[i]        Nitz, J. C., Choy, N. L., & Isles, R. C. (2003). Medial–lateral postural stability in comunitydwelling women over 40 years of age. Clinical rehabilitation, 17(7), 765-767.

 

[ii]          Nolan, M., Nitz, J., Choy, N. L., & Illing, S. (2010). Age-related changes in musculoskeletal function, balance and mobility measures in men aged 30-80 years. The Aging Male, 13(3), 194-201.

[iii]       Cripps R and Carman J (2001). Falls by the elderly in Australia: trends and data for 1998, Injury Research and Statistics Series, Australian Institute of Health and Welfare, Adelaide.

[iv]       Woolacott M (2000). Systems contributing to balance disorders in older adults. J GerontolA Biol Sci Med Sci, 55, M424-8.

 

[v]       Horak F. (2006). Postural orientation and equilibrium: what do we need to know about neural control of balance to prevent falls? Age Ageing, 35 Suppl 2, ii7-ii11.

 

[vi]       Lord S. & Castell S. (1994). Physical activity program for older persons: effect on balance, strength, neuromuscular control, and reaction time. Arch Phys Med Rehabil, 75, 648-52.

 

[vii]      Rubenstein, L. Z., & Josephson, K. R. (2006). Falls and their prevention in elderly people: what does the evidence show?. Medical Clinics of North America, 90(5), 807-824.

 

[viii]     Panel on Prevention of Falls in Older Persons, American Geriatrics Society and British Geriatrics Society. Summary of the updated american geriatrics Society/British geriatrics society clinical practice guideline for prevention of falls in older per-sons. Journal of the American Geriatric Society. 2011;59(1):148-157.),

[ix]       McKevitt C, Fudge N, Redfern J, Sheldenkar A, Crichton S, Rudd AR, et al. Self-reported long-term needs after stroke. Stroke 2011;42:1398-403.

[x]       Australian Bureau of Statistics (2012). Causes of death 2010. ABS cat. no. 3303.0. Canberra: ABS.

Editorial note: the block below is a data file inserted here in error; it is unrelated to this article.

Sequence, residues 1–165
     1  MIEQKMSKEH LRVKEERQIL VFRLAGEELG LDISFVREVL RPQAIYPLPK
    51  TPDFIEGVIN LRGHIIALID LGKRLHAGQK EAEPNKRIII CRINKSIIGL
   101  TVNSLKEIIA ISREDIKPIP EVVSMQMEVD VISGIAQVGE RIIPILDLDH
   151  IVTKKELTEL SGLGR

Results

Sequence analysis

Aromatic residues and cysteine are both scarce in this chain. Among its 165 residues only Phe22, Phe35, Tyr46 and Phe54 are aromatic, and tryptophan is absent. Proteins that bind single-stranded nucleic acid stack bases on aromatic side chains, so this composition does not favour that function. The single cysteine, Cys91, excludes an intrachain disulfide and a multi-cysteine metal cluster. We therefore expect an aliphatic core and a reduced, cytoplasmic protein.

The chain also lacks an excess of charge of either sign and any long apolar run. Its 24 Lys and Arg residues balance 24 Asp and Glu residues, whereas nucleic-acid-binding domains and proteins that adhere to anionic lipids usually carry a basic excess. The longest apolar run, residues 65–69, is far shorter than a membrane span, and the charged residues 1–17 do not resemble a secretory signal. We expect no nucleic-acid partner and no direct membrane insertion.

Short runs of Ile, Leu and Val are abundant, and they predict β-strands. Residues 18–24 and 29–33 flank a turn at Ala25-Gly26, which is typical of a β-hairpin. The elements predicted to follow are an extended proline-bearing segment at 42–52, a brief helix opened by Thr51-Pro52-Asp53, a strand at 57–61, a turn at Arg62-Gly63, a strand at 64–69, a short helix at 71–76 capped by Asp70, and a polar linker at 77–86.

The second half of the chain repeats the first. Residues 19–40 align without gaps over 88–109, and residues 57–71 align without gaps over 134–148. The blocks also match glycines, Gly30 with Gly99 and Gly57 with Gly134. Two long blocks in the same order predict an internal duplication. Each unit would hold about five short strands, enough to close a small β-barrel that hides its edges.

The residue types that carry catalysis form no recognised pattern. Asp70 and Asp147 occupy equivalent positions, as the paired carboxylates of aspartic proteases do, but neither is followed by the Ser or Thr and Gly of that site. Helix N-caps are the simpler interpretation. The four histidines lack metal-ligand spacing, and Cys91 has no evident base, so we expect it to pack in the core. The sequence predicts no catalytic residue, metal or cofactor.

[xi]       Watts, J. J., Abimanyi-Ochom, J., & Sanders, K. M. (2013). Osteoporosis costing all Australians: a new burden of disease analysis–2012 to 2022.

[xii]        Gauthier, A., Kanis, J. A., Jiang, Y., Martin, M., Compston, J. E., Borgström, F., & McCloskey, E. V. (2011). Epidemiological burden of postmenopausal osteoporosis in the UK from 2010 to 2021: estimations from a disease model. Archives of osteoporosis, 6(1-2), 179-188.

[xiii]     Cooper C (1997). The crippling consequences of fractures and their impact on quality of life. American Journal of Medicine 103:12S–7S.

 

[xiv]     Sambrook PN, Seeman E, Phillips SR, Ebeling PR (2002) Preventing osteoporosis: outcomes of the Australian Fracture Prevention Summit. Med J Aust 176 Suppl:S1.

 

[xv]      DoHA (Australian Government Department of Health and Ageing) (2003). Projected Costs of Fall Related Injury to Older Persons Due to Demographic Change in Australia, Department of Health and Ageing, Australian Government, Canberra.

[xi]        Watts, J. J., Abimanyi-Ochom, J., & Sanders, K. M. (2013). Osteoporosis costing all Australians: a new burden of disease analysis–2012 to 2022.